[Home] Interview with InfoQ on Asynchronous Programming

Interview with InfoQ

Today I received an e-mail from InfoQ about FuturesJS.

Hi AJ,

My name is Dionysios Synodinos, I'm an editor for InfoQ and since we're doing an article on the challenges of asynchronous programming in JavaScript, we'd love to have your feedback, especially regarding the futures library.

Here are the questions:

  1. . What problems does the library address? Ie. is it mostly about removing boilerplate code and manual callback handling from async I/O, or does it also provide orchestration or other functionality.
  2. . Does the library implement ideas from CS research?
  3. . Does the library offer any error handling strategies? How does it interact with exception handling?
  4. . Was the library inspired/influenced by the work done with F#'s Workflows, Rx (the Javascript version), or other projects?
  5. . Are there any new Javascript language features or changes that could make the library better, eg. allow to be more concise, etc?

I understand that you are a very busy person and I appreciate your time!

Cheers, Dio

What problems does the library address?

Asynchronous and event-driven programming can be somewhat difficult to reason about.

I created Futures primarily to

Futures.future and Futures.sequence simply reduce the amount of common boilerplate code and provide some flexibility.

Futures.join can join (in similar fashion to how one would join threads) or synchronize (for events which occur at intervals) multiple futures.

Futures.chainify makes it easy to create asynchronous models, similar to the Twitter Anywhere API.

Does the library implement ideas from CS research?

Yes. The biggest influences have been

The best thing about asynchronous programming is that it naturally leads to writing more module code and if you're going to have any sort of an asynchronous model you're forced to follow the principle of always passing parameters in and never passing data which belongs to a model outside of that model.

Does the library offer any error handling strategies? How does it interact with exception handling?

Since exceptions can't be "thrown" asynchronously, instead the user is encouraged to pass any exceptions as the first argument to the callback.

The basic idea is to try {} catch(e) {} the error and pass it rather than stopping the application at some unrelated time.

Futures.asyncify() does this for the purpose of using synchronous functions in a predominantly asynchronous environment.

Here's an example:

(function () {
  "use strict";

  var Futures = require('futures'),
    doStuffSync,
    doStuff;

  doStuffSync = function () {
    if (2 % Math.floor(Math.random()*11)) {
      throw new Error("Some Error");
    }
    return "Some Data";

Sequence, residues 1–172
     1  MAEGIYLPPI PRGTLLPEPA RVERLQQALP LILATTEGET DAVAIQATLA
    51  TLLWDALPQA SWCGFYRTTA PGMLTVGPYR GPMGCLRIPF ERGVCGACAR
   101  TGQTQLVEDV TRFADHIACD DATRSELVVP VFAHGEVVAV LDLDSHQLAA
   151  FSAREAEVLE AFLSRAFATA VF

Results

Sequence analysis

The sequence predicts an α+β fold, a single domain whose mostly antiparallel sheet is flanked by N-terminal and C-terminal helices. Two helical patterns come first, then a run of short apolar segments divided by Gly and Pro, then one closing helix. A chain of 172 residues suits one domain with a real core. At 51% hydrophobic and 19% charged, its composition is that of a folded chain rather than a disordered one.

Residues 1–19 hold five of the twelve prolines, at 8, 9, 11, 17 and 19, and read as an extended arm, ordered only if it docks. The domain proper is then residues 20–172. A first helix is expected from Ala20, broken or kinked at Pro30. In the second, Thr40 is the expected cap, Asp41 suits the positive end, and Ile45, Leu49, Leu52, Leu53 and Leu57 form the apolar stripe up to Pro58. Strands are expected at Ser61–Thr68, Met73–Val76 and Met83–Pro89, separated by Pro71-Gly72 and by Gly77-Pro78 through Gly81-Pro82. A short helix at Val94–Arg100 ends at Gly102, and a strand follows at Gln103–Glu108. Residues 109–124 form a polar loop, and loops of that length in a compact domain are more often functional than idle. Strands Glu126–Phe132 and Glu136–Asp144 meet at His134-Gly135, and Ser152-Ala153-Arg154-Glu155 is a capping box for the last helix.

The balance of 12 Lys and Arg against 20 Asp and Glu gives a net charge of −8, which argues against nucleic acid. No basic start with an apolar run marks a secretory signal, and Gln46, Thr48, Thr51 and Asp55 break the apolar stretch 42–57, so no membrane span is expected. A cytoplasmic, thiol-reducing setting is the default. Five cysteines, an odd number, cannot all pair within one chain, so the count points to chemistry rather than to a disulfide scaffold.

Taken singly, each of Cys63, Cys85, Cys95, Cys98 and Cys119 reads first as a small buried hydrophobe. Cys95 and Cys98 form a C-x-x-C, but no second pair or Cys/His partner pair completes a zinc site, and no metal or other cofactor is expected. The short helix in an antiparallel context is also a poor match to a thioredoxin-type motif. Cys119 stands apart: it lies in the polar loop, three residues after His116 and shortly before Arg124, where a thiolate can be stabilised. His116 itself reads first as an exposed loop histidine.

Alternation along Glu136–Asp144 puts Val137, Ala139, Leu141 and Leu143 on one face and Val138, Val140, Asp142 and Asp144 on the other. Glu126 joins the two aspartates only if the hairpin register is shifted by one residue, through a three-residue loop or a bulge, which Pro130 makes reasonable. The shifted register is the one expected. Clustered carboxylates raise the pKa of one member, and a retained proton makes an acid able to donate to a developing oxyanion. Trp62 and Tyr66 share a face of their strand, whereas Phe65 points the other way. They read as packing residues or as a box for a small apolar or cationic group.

};

  doStuff = Futures.asyncify(doStuffSync);

  doStuff.whenever(function (err, data) {
    if (err) {
      console.log(err);
      return;
    }
    console.log(data);
  });

  doStuff();
  doStuff();
  doStuff();
  doStuff();
}());

Was the library inspired/influenced by the work done with F#'s Workflows, Rx (the Javascript version), or other projects?

Not at first, no.

I was building a mash-up site using Facebook and Amazon and my first attempt was a mess because I just didn't understand how to go about handling a model made from two resources. (I wasn't really too familiar with JavaScript at the time; I had been trial-and-error-ing through the "WTFJS"es and using a little jQuery to ease the DOM pain)

What I found was that it is easier to always assume that any data may take some time to retrieve than to ever assume that the data will exist when needed and then have to refactor everything down the entire chain when any one particular dataset can only be handled asynchronously.

I tried, failed, and half-succeeded using a few different methods and then, fortunately, someone on my local JavaScript User Group list made mention of the Crockford on JS lecture series. After watching the whole series (I watched the 3rd section at least 3 times) I finally had a better grasp on how to manage the "problems" (or rather, opportunities) of asynchronous programming so I found Crockfords slides and started with the promises example that he gave as my base point.

Later on I started playing with Node.JS and that's when I changed my error-handling strategy (but not the documentation hasn't relflected that until just a few days ago). In Futures 2.0, which I'll be releasing this upcoming Sunday, I've also bundled Node.JS's EventEmitter for Browser use.

Are there any new Javascript language features or changes that could make the library better, eg. allow to be more concise, etc?

The most repeated code in the library is the fudge that makes the same code work in the Browser and Node.JS. I know some libraries (such as teleport) have popped up to try to solve this issue, but I haven't played with any of them yet. It certainly would be nice if an asynchronous require had been built into the the language.

From my point of view, a language with as naturally asynchronous as JavaScript should have something akin to Futures built-in.

Although CommonJS has a few proposals for standardizing server-side Promises, but whereas their focus is more an data privacy, Futures is more focused on control-flow, end-developer ease-of-use, and browser compatibility.

blog comments powered by Disqus Updated at 2010-12-28